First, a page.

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July 28, 2014

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Political dynamics heighten interest in review of NRC nominees

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THE NEW YORK TIMES

From right: Nuclear Regulatory Commission Chairman Gregory Jaczko, NRC Commissioner William Magwood and NRC Commissioner Kristine Svinicki are sworn in before the House Oversight and Government Reform Committee on Capitol Hill in Washington on Dec. 14, 2011. Jaczko faced criticism over his management style from fellow commissioners.

Former Harry Reid aide Gregory Jaczko’s tenure at the top of the Nuclear Regulatory Commission comes one step closer to its end Wednesday, when a Senate committee convenes to review a pair of nominees — one the Obama administration’s pick to replace him.

The Senate Environment and Public Works committee will grill Kristine Svinicki, a Republican commissioner, and Allison Macfarlane, a Democratic nominee, about where they stand on a host of issues concerning the NRC, not the least of which is Yucca Mountain.

Svinicki, who has already spent one five-year term as an NRC commissioner, supports the development of Yucca Mountain. Macfarlane, who has never been on the commission but is being nominated to be its chairwoman, doesn’t.

That said, both nominees are likely to make it through the committee process after what’s expected to be a dynamic affair. Svinicki has the ardent support of Republicans and the expressed backing of at least one of the Democrats on the committee, but has old scores with committee chairwoman, Sen. Barbara Boxer, to whom she misrepresented her past experience working on Yucca Mountain the last time she was before this committee for a nomination review.

Reid has continued to oppose her nomination because of her support for Yucca Mountain, as have Nevada Sen. Dean Heller and Nevada Rep. Shelley Berkley (who won’t actually get a chance to vote yea or nay on her nomination, as only the Senate confirms appointees).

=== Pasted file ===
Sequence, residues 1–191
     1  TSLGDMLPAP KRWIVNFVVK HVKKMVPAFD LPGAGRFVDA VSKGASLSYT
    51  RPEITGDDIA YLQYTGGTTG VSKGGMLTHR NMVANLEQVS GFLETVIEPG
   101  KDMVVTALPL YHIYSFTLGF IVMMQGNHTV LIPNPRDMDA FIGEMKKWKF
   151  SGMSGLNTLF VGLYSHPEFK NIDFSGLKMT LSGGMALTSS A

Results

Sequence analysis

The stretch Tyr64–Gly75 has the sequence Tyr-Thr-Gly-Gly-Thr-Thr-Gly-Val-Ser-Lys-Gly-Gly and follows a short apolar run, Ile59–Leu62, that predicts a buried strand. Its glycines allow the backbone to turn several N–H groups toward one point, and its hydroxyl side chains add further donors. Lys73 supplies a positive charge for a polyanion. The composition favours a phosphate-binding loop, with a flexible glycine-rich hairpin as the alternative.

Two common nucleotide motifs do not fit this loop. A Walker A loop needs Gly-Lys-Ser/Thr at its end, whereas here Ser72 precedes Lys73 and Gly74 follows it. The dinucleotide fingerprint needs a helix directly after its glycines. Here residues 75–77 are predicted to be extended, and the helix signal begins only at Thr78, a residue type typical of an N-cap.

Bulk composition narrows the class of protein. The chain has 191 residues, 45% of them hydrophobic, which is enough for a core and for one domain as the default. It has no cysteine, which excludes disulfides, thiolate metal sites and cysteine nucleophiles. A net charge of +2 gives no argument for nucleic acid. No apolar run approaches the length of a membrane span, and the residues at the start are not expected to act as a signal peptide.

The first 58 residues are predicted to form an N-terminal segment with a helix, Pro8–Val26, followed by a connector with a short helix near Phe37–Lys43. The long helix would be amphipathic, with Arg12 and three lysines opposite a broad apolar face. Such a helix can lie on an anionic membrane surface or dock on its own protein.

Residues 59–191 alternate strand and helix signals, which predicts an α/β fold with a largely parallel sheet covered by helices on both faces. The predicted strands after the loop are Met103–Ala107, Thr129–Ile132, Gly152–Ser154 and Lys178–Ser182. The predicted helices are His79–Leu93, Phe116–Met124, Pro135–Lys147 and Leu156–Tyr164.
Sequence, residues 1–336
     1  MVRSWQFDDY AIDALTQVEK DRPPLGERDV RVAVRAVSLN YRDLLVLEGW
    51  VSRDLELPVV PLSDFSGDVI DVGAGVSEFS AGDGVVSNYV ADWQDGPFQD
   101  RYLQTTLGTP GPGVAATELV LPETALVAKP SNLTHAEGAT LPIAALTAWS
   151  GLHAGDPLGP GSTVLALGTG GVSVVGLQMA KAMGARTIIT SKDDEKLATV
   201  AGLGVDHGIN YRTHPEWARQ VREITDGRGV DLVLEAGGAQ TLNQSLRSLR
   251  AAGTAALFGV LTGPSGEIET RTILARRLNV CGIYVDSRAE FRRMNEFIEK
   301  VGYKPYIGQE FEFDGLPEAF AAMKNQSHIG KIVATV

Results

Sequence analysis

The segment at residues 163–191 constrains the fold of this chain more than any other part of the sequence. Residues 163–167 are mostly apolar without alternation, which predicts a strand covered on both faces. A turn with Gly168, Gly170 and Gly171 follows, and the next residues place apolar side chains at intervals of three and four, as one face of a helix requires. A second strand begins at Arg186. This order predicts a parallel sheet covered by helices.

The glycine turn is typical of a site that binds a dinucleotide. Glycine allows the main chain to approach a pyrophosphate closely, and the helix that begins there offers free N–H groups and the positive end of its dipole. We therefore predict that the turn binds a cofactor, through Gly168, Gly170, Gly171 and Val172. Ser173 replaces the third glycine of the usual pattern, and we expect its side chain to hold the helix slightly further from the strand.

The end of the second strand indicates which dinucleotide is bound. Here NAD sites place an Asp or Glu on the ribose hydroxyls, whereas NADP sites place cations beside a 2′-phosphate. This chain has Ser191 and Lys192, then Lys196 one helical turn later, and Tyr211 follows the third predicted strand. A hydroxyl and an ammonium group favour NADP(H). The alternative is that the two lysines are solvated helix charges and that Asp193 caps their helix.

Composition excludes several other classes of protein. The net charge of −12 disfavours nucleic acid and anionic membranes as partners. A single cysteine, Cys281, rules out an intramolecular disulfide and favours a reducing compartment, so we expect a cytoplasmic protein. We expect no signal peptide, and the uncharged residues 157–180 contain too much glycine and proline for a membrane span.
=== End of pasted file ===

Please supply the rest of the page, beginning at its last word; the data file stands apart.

Macfarlane has received glowing reviews from Reid and Boxer, predicated largely on the work she did as a member of the blue ribbon commission on nuclear waste management, which recommended earlier this year that in the future, the federal government should seek the consent of a potential host state before sticking them with a nuclear waste repository — as was not done in the case of Yucca Mountain.

Though the NRC did issue a final decision to halt the Yucca licensing process under Jaczko’s leadership, and hasn’t received any new Yucca funding in years, it’s likely the future NRC commissioners will have to revisit questions of whether and how to proceed with the project in the near future.

A federal appeals court is expected to rule in the next few weeks on whether the NRC was legally able to choose to stop short on the Yucca licensing process when there is still an extra $10 million in unspent funds dedicated to the project and waiting to be spent.

Regardless of their ruling, Republicans in the Senate and House are hellbent on reinvigorating the project and replenishing its funding if they get a controlling majority in both houses of Congress in the 2012 election. Should they be successful, it does not look like they’ll have too much trouble getting Democrats on board: Last week, 76 House Democrats joined most Republicans in supporting an Energy and Water appropriations bill amendment to force the NRC to spend the same remaining $10 million on Yucca that the federal appeals court is currently considering.

The two commissioners’ hearing begins at 10 a.m. EST and will stream here.

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